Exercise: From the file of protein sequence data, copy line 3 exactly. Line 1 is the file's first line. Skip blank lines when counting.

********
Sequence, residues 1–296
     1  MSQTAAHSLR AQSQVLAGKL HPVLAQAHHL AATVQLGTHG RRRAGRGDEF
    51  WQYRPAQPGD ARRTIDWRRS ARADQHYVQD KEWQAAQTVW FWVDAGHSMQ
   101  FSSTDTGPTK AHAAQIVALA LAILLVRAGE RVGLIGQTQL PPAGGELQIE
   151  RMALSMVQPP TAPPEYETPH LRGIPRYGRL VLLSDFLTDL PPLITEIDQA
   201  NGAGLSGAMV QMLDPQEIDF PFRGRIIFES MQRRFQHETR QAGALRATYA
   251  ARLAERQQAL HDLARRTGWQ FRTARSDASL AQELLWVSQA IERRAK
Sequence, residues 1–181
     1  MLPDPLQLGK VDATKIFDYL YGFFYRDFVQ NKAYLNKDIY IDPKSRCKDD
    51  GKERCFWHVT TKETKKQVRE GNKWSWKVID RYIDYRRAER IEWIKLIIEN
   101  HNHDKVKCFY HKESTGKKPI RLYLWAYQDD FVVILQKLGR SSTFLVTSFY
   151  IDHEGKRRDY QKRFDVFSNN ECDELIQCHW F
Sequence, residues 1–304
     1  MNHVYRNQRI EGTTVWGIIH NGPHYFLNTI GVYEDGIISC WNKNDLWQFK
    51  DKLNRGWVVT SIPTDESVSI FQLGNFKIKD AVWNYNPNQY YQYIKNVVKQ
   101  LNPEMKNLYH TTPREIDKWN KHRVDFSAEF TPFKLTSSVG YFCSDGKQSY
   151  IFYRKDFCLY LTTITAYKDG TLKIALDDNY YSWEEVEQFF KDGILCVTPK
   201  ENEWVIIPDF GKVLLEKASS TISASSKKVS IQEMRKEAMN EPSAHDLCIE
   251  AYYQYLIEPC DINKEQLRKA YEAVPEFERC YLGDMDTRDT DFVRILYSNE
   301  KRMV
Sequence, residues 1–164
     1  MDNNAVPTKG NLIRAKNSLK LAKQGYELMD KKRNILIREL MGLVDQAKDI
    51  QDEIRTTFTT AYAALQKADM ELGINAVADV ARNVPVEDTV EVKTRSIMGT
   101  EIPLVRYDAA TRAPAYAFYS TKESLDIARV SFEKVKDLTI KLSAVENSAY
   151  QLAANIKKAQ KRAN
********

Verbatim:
    51  WQYRPAQPGD ARRTIDWRRS ARADQHYVQD KEWQAAQTVW FWVDAGHSMQ